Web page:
Today, I want to take some time to educate you about the duties, responsibilities and job description of the Readiness NCO in the Army National Guard.
For anyone who has spent any time at all in the ARNG, you probably realize how important the Readiness NCO is.
Basically, the Readiness NCO is the tip of the spear for the unit.
They are the senior “full-time” Soldier at the unit.
They are the eyes and ears of the unit.
And, they supervise the other AGR staff and handle most of the day-to-day issues in the unit.
A good Readiness NCO really can make or break a unit.
Duties and Responsibilities
Here are some of the major duties and responsibilities of the Readiness NCO:
- Handle pay issues
- Resource training
- Handle suspense’s with the brigade, battalion and company
- Handle day-to-day issues in the unit
- Advise the Company Commander and First Sergeant on Soldier issues
- Supervise the AGR Staff
- Conduct inspections and inventories
- Coordinate with higher and sister units for upcoming training
- Create training schedules
- Prepare unit, Soldiers and equipment for drill weekend
Other posts you may enjoy:
- Military Readiness: How Does the U.S. Stack Up in the World?
- Top 7 Operational Readiness Tips for Army Leaders
- 10 Leadership and Career Lessons I Learned from my Army NCOs
- The Best NCO I Ever Worked With In My 15 Year Army Career
- List of 63 Army Additional Duties for Officers and NCOs
Readiness NCO Job Description
Here is a sample job description for a Readiness NCO in the ARNG.
Serves as the full-time AGR Readiness NCO of a Forward Support Company, part of an Infantry Battalion; responsible for unit administration, readiness, reports, and training; prepares correspondence, handles suspenses, and resources training.; advise the Company Commander and First Sergeant on Soldier issues; acts as the Company Commander’s day-to-day spokesperson; supervises 3 AGR Soldiers and 8 traditional M-Day Soldiers; serves as M-Day Platoon Sergeant; additional duties include Hazmat NCO and TMDE NCOIC.
Tips for Success in This Job
What I’d like to do below is take a few minutes and give you some of my best success tips.
# 1 Get organized – This is one of those jobs where you have to get organized.
There are a lot of different suspense’s, things to do, and people and things to manage.
You need a good “to do” list every day.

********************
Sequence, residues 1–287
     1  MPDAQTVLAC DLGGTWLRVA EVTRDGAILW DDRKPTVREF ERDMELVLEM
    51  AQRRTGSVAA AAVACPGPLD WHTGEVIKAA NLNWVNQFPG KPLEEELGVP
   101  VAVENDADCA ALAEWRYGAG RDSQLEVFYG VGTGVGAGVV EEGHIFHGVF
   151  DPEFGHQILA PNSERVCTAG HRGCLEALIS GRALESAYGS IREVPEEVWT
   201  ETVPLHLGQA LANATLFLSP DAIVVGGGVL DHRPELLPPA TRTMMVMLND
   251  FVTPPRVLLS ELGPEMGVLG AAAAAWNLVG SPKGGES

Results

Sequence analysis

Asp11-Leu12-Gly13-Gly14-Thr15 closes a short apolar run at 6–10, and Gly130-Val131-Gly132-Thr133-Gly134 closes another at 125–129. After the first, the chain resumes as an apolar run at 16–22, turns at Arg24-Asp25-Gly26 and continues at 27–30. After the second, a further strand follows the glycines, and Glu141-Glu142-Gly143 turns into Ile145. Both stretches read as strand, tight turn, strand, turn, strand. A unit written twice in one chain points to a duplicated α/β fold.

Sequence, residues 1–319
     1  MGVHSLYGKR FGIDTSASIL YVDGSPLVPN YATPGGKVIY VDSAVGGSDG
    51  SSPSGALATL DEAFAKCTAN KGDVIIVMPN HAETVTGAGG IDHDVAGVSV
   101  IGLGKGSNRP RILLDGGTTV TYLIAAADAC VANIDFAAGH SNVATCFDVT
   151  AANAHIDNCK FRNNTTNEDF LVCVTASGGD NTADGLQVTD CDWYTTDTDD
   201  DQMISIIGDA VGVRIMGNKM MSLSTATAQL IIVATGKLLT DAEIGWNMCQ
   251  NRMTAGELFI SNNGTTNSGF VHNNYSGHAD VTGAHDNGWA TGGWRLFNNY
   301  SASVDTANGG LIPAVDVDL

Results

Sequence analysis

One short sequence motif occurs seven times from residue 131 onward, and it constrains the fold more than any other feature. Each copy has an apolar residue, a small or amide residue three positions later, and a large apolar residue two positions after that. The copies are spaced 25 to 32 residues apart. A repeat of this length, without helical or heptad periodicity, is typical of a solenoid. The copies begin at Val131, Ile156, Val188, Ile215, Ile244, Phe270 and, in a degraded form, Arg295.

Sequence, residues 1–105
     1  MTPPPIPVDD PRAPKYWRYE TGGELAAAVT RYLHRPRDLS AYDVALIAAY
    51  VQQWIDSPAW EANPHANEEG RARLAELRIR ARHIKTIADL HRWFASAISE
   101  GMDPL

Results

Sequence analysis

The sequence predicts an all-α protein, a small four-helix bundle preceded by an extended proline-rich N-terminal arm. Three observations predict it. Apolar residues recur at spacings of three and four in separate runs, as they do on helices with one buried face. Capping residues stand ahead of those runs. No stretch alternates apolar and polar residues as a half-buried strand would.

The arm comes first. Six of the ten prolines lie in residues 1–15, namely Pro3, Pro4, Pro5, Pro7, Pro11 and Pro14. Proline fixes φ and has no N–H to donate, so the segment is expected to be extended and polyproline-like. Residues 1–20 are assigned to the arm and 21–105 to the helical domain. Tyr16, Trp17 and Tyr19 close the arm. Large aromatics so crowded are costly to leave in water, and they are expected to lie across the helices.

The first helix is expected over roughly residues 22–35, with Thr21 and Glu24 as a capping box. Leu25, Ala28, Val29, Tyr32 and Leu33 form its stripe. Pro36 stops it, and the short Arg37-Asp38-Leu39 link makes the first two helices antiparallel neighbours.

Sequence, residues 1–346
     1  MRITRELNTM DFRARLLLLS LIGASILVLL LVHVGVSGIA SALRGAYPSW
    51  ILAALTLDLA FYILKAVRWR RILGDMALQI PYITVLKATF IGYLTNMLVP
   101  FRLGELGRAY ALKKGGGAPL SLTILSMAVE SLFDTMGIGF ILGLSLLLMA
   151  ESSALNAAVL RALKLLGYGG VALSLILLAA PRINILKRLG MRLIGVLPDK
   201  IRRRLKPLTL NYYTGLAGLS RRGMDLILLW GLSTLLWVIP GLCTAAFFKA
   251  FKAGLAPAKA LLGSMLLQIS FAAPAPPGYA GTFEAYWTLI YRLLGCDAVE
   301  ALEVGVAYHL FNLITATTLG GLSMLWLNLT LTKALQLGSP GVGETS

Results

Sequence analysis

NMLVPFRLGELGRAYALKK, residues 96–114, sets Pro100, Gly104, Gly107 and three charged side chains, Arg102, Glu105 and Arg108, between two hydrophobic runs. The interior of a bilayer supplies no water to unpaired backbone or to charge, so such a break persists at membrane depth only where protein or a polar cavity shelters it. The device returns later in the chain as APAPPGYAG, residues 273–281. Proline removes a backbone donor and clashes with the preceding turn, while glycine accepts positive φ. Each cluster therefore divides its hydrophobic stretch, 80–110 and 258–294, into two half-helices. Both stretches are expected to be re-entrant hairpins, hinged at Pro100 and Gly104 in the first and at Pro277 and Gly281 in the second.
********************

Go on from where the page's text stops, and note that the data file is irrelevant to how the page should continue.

# 2 Establish priorities – You need priorities.
I would sit down with your AGR chain of command and your M-Day chain of command and find out what is important to both of them.
Once you have that information you should set priorities for yourself and your staff.
# 3 Time Management – This goes hand in hand with establishing priorities.
This is one of those jobs that will require long hours!
There is so much to do.
# 4 Balance the AGR/M-Day Relationship – This is without a doubt the hardest part of your job.
You have an AGR chain of command telling you what to do on a daily basis, and then you have the “part-time” Company Commander and First Sergeant, your M-Day chain of command.
Your real alliance should be to your Company Commander and First Sergeant.
In most cases, they are your rater/senior rater and who you really work for, even if you get guidance from the AGR personnel on a daily basis.
# 5 Support Your Soldiers – You have to remember that most of the Soldiers in your unit have a life outside of the military.
They have civilian jobs or school.
They don’t have the luxury of doing Army stuff day in and day out, like you do.
When they call and need help, help them!
Don’t be a bureaucrat and make their life tougher than it needs to be.
Be a servant leader.
# 6 Don’t Get On a Power Trip – Sometimes, in some rare cases, the Readiness NCO will get on a power trip and act like they run the unit.
Remember, it’s not YOUR unit.
You are an important part of it, but there is a chain of command in place for a reason.
Don’t get on some power trip or try to sabotage your chain of command so you can look like the stud!
Be a team player.
In summary, the ARNG Readiness NCO has a very important job of running the day-to-day operations in the unit.
It’s tough, demanding, and requires lots of hard work.
You won’t always have the glory, or get a lot of credit, but I hope you will take pride in what you do and put your best foot forward.
Your Soldiers deserve it!
On a side note, if you’ve spent any time as a Readiness NCO before, I would love to hear from you.
Please tell us about your experience by leaving a comment below.
I’d love to hear about what type of stuff you did on a daily basis, what some of your challenges were, and what you enjoyed most about the job.
Also, if you have any questions, feel free to ask and we will try to provide an answer.